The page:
Kind of a mess...but a beginning...
--------------------------------------------Just because Alex Grasley was eleven years-old did not mean he was unaware of what was really going on. His dad may have told him they were moving to Albuquerque because he had a new job. His mom may have insisted they would be living in a great town with excellent schools, so he would be just as happy there. They both may have promised he would make new friends and this would be the last time they ever moved, again. But that's what they had told him when they were moving him from Austin to Seattle, three years ago. No, he finally knew why they were really taking him away from his friends and his home -- his little brother.
Drew was almost seven and about to finish First Grade, even though he had been out of school several days for his asthma. It seemed like his inhaler barely worked, even at the best of times, and after what must have been the thousandth trip to the doctor after yet another attack, Alex overheard his parents say they thought it was because of Seattle's cool moist climate. And the trees that surrounded them. And the neighbors' dogs and cats. But in Austin, they had whispered something about Cedar Fever and the city's humidity carrying too much pollen. And in Boston it was just too cold. It was getting to where it seemed that anything could trigger Drew's asthma, even the fact that he was little and closer to the grass on the ground.
Alex didn't have any trouble like that. In fact, he had not even caught a cold the whole time they'd lived here. Nor was he short enough to be bothered by anything on the ground; he was already halfway between five feet and six feet tall and his father, Hal, was talking about him needing a larger bike to ride, while his mother, Julia, had begun telling him over and over he'd probably wind up six-foot-six, like her father in Minneapolis, and be just as blond. "If you like basketball, that's perfect," she'd usually add.
Alex didn't have any problem with basketball; he enjoyed playing with his best-worst friend, Billy LeGrande...even though Billy liked to cheat. In fact, when Alex had confronted Billy about that and heard Billy respond, "It's not cheating, it's winning, like my dad taught me," Alex had made it a game to see if he could defeat Billy's cheating by not cheating. And he had succeeded a few times. But he liked soccer, more, and as for what to do when he was grown up, he wanted to be a pilot. Then he learned that pilots were usually a bit below average in height so they could fit more easily into the crazy-cool jets they got to fly, so his mom's encouragement only made him too aware of how he probably would never get to be one.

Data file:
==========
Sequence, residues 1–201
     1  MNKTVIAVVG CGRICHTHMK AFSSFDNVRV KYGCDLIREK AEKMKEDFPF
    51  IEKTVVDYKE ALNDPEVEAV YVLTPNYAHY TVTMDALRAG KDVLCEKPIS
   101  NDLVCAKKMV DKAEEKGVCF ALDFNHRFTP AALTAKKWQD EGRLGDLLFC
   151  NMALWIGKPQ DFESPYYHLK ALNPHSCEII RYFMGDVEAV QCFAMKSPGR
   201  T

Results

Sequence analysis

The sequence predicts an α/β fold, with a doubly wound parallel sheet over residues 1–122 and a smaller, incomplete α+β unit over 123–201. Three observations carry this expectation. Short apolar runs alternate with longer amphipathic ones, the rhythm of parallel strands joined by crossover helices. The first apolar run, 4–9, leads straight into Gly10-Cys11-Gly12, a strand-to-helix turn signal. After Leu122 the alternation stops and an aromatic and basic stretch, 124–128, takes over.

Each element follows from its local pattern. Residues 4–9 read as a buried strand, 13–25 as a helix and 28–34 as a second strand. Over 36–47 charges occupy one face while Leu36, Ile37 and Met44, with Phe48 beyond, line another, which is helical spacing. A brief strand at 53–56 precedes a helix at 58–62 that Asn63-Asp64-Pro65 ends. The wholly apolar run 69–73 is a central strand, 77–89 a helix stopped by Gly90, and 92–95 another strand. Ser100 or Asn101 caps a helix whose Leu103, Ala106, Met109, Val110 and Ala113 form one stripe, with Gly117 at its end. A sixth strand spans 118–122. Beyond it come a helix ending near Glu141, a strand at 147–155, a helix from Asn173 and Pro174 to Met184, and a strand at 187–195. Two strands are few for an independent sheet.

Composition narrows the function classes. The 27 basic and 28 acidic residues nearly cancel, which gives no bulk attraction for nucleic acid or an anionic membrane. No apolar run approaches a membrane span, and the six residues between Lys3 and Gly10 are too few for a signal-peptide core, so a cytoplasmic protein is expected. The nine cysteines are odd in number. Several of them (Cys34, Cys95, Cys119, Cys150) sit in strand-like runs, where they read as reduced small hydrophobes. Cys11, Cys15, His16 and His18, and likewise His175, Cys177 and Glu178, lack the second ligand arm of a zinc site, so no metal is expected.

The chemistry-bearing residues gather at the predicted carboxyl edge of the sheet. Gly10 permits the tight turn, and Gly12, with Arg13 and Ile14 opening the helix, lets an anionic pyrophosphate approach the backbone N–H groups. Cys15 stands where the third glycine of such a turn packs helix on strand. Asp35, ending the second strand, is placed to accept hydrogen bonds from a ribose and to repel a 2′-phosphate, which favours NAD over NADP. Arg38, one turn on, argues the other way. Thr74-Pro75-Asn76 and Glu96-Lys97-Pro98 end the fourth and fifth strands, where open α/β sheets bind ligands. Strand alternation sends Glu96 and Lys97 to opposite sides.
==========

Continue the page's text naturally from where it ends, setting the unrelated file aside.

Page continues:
Drew looked like their dad's side of the family -- smaller, stockier, darker-hair, rounder face. People who saw the two boys side by side never thought they were brothers. The only real pleasure Alex got from that fact is that he knew pilots have to have twenty-twenty vision and Drew was already wearing glasses due to a stigmatism, so when the boy said he wanted to be a pilot just like his brother, when he grew up, Alex was able to tell him he could never be one.
Man, it seemed like everybody's life revolved around that brat. What they could eat. Where they could go. Whether or not they got to see a movie all the way through. He'd missed half a dozen soccer matches thanks to trips to the hospital to handle one of Drew's attacks. On top of that, they couldn't have a dog of their own. It was so bad, when Alex came home from Billy's, he had to brush off his clothes because hair from Dimbulb, their Golden Lab, might make Drew start wheezing.
That was the worst, because Billy had asked him if he wanted to take Dimbulb, once, since it was obvious the dog liked him more. No surprise there; even Billy knew it was because Alex petted the dog and played with him. He had come close to jumping for joy, and by the time he got home had already figured out a new name for him -- Azkaban, from Harry Potter. Ban, for short. Dimbulb was a stupid name for a dog, any dog, and while Billy could be okay as a friend, sometimes he was a real jerk and was probably in his jerk mood when he named him that.
But Julia had said, "Nope. Can't. Think of your brother's asthma."
Alex pouted about it for three days. He even complained to his totally best friend and neighbor, Taylor Castillo, about it. She was eleven, too, but she was considered a genius and went to special classes at a nearby college. In her usual way of handling a problem, Taylor had gone online and researched the illness, then tried to cheer Alex up by telling him, "Sometimes they grow out of it. So when he gets older, maybe he'll get better."
"My life'll be ruined, by then," Alex snapped back.